By summer 1962 when the cruise to the “top” of the Globe was carried outK-3 was not the only nuclear-powered submarine in the list of the Soviet Navy. Other newer submarines could dive under the ice as the “third” had been rather worn because as type ship she was subject to numerous tests under marginal conditions for the mechanisms primarily for the reactor, steam generators, turbines, etc. The steam generation system “was beaten black-and-blue” as later recalled Zhiltsov “hundreds of cut off, re-welded and blinded pipes”. Specific radioactivity of the primary coolant circuit exceeded the same at serial submarines thousand times. Then why being aware of the near emergency condition of the submarine such a question of national importance as cruise to the North Pole with the goal to claim the control over the Pole was decided in favor of K-3? The answer may look weird for the foreigners but absolutely clear for the Russians. In our country in the choice between the technics and people the latter always had been getting an upper hand”.

Zhiltsov had no doubts in his crew that is why he gave his consent for the Pole’s exploration in such a submarine. The crew certainly did not require courage. When it became known the crew of power generation compartments is exposed to radiation hundred times more than the crews of the end sections the crew of remote aft torpedo compartment offered to share the radiation hazard equally between the whole crew of the submarine in other words to rotate the complement regularly. The offer was accepted. Thus all hands steering men, torpedomen, commanding officers and even sub’s cook received equal radiation dose as reactor and turbine operators. Thus under the new circumstances the old principle was followed namely there is no more parity than in a submarine either everybody wins or everybody looses. Or everybody rays like in this case…

And having such a complement Zhiltsov made a dive under the Polar ice. They traveled literally hell and gone. Instead of the detailed map with isobath curves and markings of underwater peaks the navigation officer possessed a simple grid map. They were blind and deaf. The soundmen found themselves for the first time in an environment when the ice cap above echoed the noises of own propeller screws giving birth to auditory illusions. One day the under-keel clearance started decreasing dramatically.

Zhiltsov recalls “After such alarming report I ordered immediately to float up sub to a smaller depth and slow the speed. Everybody’s eyes were fixed upon the echogram awaiting what to happen next. Nobody knew where that underwater rise did come from and where was its peak.” This was the discovery of the huge sea range down below the Arctic Ocean. It was named after the well-know hydrographer Yakov Gakkel. After the Russian sailors mapped Severnaya Zemlya in 1913 that was the greatest geographical discovery of the 20th century.

On June 17, 1962 at 6 hours 50 minutes and 10 seconds K-3 submarine crossed the point of the North Pole. Some jokers gave an advice to a midshipman on the wheel to make a slight turn in order to avoid collision with “the Earth axis”.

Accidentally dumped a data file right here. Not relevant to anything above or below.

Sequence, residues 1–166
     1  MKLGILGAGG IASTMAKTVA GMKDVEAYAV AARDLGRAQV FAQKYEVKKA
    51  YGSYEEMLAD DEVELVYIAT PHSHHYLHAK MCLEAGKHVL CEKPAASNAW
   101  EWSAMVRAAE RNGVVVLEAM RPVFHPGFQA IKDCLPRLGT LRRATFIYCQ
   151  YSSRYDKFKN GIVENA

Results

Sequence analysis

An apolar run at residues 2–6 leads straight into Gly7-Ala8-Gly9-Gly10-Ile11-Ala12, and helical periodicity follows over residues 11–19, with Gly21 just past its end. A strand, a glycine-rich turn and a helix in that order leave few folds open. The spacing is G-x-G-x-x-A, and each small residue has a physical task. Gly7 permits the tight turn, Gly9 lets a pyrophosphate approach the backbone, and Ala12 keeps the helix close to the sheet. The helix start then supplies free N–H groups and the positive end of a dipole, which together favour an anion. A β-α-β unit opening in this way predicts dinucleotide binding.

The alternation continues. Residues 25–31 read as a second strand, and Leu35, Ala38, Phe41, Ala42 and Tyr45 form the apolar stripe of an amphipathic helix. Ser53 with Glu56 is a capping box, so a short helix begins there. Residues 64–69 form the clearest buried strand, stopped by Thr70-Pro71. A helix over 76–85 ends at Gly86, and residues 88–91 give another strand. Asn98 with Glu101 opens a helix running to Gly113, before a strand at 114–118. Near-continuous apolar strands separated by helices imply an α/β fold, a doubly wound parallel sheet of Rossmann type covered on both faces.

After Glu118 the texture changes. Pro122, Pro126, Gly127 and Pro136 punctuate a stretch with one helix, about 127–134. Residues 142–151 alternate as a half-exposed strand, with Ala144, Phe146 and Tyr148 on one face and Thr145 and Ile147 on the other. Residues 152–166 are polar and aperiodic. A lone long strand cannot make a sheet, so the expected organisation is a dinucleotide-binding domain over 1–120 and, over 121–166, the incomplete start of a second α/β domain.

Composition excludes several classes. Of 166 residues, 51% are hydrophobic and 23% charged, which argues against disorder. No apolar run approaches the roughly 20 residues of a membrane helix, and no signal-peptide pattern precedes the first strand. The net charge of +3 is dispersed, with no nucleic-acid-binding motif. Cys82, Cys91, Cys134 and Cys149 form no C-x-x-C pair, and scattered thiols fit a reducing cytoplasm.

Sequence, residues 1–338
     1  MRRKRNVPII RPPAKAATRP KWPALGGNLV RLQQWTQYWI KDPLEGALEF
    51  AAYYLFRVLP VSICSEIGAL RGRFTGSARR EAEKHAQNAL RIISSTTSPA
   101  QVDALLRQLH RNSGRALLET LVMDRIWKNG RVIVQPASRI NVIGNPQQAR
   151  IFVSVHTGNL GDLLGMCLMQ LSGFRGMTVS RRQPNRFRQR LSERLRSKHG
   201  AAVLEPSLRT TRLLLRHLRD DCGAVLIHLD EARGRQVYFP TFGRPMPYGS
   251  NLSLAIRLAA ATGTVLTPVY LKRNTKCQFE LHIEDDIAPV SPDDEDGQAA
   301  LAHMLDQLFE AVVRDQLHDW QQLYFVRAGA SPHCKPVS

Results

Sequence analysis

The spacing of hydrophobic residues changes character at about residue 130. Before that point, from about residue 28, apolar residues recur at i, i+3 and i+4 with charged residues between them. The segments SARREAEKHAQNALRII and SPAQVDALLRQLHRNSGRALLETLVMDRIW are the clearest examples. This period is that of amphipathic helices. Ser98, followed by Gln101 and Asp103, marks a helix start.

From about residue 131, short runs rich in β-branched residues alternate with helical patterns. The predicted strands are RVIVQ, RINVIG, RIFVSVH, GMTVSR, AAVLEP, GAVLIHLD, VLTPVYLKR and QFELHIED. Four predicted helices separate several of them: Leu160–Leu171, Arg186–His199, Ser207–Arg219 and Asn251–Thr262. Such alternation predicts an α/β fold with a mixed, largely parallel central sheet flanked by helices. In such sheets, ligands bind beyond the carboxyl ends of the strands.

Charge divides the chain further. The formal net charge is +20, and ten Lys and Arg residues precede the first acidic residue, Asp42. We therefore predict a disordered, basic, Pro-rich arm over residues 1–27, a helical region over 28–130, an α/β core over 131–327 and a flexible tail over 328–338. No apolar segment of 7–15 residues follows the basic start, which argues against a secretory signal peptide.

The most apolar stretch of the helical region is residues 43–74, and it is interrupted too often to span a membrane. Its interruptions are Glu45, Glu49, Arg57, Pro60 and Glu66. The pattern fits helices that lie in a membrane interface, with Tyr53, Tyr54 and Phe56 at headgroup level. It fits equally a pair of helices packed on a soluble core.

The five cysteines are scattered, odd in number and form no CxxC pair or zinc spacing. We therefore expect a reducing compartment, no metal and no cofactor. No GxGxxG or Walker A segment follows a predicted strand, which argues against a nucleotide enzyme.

Later the submarine surfaced at the Pole. Let’s appeal to Lev Zhiltsov’s memories again who we succeeded to interview while alive “Ice thickness varies from 20 to 25 meters. In order not to miss the ice opening we floated up close to the surface just in case. As soon the opening was spotted we made a jerk to the surface by means of one motor and killing the way the sub’s bow stopped at the very edge of the ice. As they say made the gold! I opened the hatch to the bridge and thrusted my head outside. K-3 was like a stone squeezed by ice from every side. You could make a jump to the ice right from the sail as there was no even a thin strip of water between sub’s hull and ice. The silence was striking and dinging in ears. The air was still the clouds were low and that was quite unenviable environment for hydrographers and navigators who were to look for the sun.”

The national ensign was triumphantly planted down at the highest ice block. Zhiltsov announced a “shore-leave”. An unadulterated joy broke out. The commander noticed “The submariners at the Pole behaved themselves like kids having wrestling, pushing, climbing ice blocks, playing snow balls, etc. Lively photographers took many pictures of the submarine in ice and many laugh getters. Yet the security combed through the sub to find any still cameras. Though who knows the submarine’s secret places better special agents or her own crew?”

The home bound trip was performed at full speed. Country’s head Nikita Khruschev was waiting the submarine at the pier in order to decorate personally the head of the cruise Rear-Admiral Alexander Petelin, commanding officer of K-3 captain III rank Lev Zhiltsov and engineer captain Ryurik Timofeev with the hero’s stars. Yet earlier Leonid Osipenko became a Hero of the Soviet Union the first to be so highly favored after the war.

Way Home with the Half-Mast Flag

When they speak of Leninskiy Komsomol her trip to the North Pole come to mind first. But the submarine spent over 30 years in the Navy’s lists. She experienced many events during this period of time… The dog-days also fall upon her as for example on September 8, 1967 when Submarine Division Staff located in Gremikha received an alarm signal for the Norwegian Sea – fire on board of K-3.